It’s All In a Name – Chinese Names

The main difference between the situation in China and Britain is that the Chinese have a massive number of first names but a small number of surnames whereas, in direct contrast, the British have a relatively small number of first names but a wide variety of surnames. The Chinese do not have middle names, whereas almost all British people do. The Chinese always put the family name first, whereas the British invariably put the family name last. Whereas many cultures easily decouple first and family names (typically using only the first name when one has assumed a certain familiarity), Chinese family and ‘first’ names are rarely decoupled, so that even good friends call each other by the full name.

Link: Chinese personal names click here

Usually (but not always), the ‘first’ name is two syllables long. Since every character in the Chinese language can be used as a first name, there is an almost endless choice, as there are literally tens of thousands of characters (or pictographs) in the Chinese language. It is not usually possible to tell the gender of a Chinese person simply from their name, since first names are not gender-specific.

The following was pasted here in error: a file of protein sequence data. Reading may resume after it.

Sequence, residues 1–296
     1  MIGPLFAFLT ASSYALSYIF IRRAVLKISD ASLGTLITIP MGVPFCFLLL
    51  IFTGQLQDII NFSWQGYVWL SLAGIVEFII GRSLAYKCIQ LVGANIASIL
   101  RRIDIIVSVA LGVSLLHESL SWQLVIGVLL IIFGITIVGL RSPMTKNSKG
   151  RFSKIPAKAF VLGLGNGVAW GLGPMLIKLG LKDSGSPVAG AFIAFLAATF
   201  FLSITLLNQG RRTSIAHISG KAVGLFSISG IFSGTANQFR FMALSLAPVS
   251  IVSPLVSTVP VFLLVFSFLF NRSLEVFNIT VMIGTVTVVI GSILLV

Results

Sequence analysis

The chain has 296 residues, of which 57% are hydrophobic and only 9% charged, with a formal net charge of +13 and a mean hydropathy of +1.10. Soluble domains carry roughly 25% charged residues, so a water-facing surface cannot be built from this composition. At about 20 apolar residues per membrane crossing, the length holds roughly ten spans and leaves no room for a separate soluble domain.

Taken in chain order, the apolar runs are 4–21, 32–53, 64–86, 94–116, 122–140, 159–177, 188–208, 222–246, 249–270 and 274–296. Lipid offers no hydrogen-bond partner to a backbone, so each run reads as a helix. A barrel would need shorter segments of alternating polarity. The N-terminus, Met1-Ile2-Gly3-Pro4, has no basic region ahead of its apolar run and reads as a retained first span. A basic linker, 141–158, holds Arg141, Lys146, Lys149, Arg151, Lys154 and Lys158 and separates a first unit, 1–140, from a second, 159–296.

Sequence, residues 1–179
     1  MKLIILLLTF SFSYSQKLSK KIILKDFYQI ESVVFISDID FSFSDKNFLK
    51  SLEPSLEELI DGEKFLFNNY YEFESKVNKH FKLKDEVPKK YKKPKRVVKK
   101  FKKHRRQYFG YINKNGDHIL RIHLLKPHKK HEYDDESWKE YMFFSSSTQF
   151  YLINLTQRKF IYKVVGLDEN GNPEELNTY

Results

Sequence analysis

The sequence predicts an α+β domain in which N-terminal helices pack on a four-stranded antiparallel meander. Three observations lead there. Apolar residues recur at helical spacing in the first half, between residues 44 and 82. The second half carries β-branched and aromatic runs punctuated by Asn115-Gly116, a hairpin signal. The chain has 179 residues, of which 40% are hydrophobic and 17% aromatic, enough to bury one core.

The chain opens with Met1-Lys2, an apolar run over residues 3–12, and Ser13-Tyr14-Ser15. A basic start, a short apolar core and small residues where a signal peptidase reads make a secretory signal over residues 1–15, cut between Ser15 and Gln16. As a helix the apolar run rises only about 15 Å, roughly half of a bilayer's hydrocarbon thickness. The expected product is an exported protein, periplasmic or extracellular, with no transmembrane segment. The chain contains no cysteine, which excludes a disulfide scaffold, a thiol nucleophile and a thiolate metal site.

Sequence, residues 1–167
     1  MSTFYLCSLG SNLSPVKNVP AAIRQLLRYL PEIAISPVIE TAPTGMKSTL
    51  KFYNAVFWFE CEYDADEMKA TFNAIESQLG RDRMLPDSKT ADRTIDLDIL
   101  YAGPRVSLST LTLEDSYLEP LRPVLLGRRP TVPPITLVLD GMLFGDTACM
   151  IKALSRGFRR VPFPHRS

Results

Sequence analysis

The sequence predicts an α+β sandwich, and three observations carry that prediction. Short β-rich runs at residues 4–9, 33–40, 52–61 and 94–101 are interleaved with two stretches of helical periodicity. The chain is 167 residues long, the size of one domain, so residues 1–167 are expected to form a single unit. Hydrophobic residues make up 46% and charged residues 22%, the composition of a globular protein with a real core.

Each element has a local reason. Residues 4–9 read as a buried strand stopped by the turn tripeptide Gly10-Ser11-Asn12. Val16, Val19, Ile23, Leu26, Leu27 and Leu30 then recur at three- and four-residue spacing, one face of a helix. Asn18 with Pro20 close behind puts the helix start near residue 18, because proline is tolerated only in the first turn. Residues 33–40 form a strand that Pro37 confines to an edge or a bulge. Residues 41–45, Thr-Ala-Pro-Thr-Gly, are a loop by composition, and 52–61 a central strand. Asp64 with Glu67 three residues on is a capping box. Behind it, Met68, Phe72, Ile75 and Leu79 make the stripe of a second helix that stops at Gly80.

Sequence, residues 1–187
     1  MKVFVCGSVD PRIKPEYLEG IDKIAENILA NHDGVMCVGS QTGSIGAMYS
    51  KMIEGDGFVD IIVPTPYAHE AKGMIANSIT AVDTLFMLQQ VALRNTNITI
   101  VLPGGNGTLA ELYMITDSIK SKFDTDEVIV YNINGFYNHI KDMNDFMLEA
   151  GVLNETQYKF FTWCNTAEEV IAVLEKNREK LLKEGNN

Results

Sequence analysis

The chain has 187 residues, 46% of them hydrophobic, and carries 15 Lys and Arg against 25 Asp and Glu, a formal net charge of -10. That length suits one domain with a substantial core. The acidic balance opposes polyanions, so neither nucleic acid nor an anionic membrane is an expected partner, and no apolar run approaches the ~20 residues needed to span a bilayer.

Although there is a massive choice of first name in China, the most common character in Chinese first names is Wen, meaning ‘culture’ or ‘writing’. This name clearly reflects the ultimate values in modern Chinese society of culture and education. The second most common character in first names is Zhi, meaning ‘will, intention, emotions’.

Here is the order of frequency of the most common characters chosen for Chinese first names: Wen (culture, writing), Zhi (will, intention, emotions), Yi (cheerful), Ya (elegant), Ming (bright), Hui (smart, wise), Hong (great, wide).

Other popular characters include: An (‘peace’), Fu (‘luck’), Kong (‘intelligent’), Jing (‘classic’), Gao (‘high’), Shi (‘stone’), Wang (‘king’), Xing (‘lucky’), and Zhu (‘master’) for boys and Ai (‘love’), Chun (‘spring’), Hai (‘sea’), Fei (’empress’), Mei (‘beautiful’), Li (‘beauty’), Su (‘understated’), Xi (‘happiness’) and Yan (‘swallow’) for girls.

However, most Chinese first names have no meaning on their own (but multiple meanings when combined with other Chinese characters).

The old naming practice for boys is very different from that for girls and it follows a very traditional arrangement. For each of the most common family names (around 200), there is a set of perhaps 15-20 characters which are used in rotation generation by generation as the ‘root’ for naming boys in the family, usually providing a common first syllable but sometimes providing a common second syllable. So, the brothers of Mao Tse-tung were Tse-tan and Tse-min, while his sons from his second marriage were An-ying and An-ching. Similarly, in the book “Wild Swans” by Jung Chang [click here], the author’s three brothers were named Xiao-hong, Xiao-hei and Xiao-fang respectively. Other examples I have come across include Rong-sheng, Kai-sheng, Hu-sheng and Cheng-mao, Cheng-hang, Cheng-jiao.

Generally speaking, for girls, however, there is no such arrangement. Nevertheless, sometimes girls will also have the same name in one family – for example, Cai-hong, Lan-hong, Yue-hong.